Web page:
A study on assessment of awareness on generic drugs among doctors in a tertiary care teaching hospital in north India

Rohini Gupta, Apoorva Malhotra, Pavan Malhotra


Background: The assessment of doctors’ perceptions and understanding about generic medicines may help in recognizing the key areas which may act as hurdle to mass scale use of generics. The primary objective of this study was to explore the knowledge, attitude, and practice (KAP) of doctors toward generic medicines.

Methods: A cross-sectional study was carried out using a pretested questionnaire in a tertiary care teaching hospital of Jammu (J and K). The questionnaire was designed to assess the KAP about generic medicines. The doctors working in this institute during the study period were included. Data was compiled and analysed using online website, P-values of < 0.05 were considered to indicate statistical significance.

Results: A 62.9% doctors agreed to the fact that generic medicines were intended to be interchangeable with a branded drug (p=0.0139). Among the doctors, 77.5% were aware that generic drug manufacturers need to conduct studies to show bioequivalence between the generic medicine and their branded counterparts (p =0.0001). 88.8% of the doctors agreed that importance of generic medicines should be taught in early part of internship. 80.9% doctors did not think that switching a patient from a brand-name to generic drug may change the outcome of the therapy (p <0.0001).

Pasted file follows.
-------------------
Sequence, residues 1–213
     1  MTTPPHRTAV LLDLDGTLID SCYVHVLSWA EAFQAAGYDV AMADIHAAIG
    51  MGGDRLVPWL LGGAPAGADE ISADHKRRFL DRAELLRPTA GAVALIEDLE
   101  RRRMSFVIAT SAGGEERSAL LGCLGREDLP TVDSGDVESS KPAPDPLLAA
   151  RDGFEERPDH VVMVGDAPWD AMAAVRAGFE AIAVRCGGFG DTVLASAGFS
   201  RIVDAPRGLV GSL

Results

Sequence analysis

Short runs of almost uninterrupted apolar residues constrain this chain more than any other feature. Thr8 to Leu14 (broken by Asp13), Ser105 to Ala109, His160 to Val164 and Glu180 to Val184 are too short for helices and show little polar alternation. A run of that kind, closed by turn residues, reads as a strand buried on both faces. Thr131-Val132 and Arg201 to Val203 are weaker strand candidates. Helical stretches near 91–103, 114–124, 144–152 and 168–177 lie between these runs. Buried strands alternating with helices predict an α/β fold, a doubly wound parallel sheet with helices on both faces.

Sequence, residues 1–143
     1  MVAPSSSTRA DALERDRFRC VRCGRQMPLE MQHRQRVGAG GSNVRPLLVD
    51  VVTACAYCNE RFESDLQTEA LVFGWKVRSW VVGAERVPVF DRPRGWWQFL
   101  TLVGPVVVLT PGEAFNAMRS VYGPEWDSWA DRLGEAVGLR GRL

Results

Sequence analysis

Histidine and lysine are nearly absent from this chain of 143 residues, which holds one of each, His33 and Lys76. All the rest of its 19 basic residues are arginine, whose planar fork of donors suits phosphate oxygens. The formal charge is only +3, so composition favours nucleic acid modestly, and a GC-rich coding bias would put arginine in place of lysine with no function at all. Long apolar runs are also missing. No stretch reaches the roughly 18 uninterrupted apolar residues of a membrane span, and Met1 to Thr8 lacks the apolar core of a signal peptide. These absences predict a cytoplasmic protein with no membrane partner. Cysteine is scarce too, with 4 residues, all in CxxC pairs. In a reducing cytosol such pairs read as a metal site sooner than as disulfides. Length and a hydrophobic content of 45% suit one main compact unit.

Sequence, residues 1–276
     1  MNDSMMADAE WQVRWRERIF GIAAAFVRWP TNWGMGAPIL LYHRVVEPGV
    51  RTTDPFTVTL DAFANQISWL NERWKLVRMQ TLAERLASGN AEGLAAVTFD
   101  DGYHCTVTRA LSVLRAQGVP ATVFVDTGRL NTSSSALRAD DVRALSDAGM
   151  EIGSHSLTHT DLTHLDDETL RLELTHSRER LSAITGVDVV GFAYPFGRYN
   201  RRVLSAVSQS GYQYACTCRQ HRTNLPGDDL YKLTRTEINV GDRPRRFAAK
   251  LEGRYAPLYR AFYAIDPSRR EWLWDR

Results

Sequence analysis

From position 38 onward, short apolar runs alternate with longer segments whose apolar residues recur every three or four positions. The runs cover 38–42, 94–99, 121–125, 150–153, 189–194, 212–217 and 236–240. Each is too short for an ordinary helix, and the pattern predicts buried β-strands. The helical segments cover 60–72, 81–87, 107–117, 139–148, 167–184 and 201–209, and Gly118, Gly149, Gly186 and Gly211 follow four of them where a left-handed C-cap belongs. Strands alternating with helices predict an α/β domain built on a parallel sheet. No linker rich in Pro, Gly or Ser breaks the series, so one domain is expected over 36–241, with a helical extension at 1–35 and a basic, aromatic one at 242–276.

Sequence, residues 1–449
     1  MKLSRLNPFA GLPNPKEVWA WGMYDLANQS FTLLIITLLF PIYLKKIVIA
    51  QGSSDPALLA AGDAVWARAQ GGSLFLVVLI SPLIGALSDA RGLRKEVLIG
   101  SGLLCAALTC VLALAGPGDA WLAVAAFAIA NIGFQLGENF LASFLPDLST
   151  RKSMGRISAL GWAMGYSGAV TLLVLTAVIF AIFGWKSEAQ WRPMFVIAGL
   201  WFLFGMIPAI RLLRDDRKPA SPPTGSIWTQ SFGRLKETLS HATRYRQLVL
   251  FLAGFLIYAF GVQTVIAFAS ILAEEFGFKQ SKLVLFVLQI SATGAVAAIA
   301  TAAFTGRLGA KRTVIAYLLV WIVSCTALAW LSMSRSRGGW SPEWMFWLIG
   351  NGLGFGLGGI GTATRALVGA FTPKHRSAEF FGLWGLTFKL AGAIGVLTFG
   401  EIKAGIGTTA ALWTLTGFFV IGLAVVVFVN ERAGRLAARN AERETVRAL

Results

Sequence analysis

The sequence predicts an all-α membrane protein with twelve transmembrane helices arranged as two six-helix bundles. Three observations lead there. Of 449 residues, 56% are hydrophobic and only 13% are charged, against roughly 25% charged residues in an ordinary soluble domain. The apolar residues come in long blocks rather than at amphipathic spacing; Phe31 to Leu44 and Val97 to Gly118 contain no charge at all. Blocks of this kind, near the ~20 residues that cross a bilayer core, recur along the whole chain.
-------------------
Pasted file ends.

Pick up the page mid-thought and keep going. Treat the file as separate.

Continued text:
Conclusion: The present study showed that a good percentage of doctors were well aware of generic medicines’ usage. However due to concerns expressed by a certain fraction of participants, further work is needed on how interventions for medical professionals and for the public can lead to increase in the awareness and acceptability of generic medicines.


Attitude, Generic medicines, Knowledge, Practice

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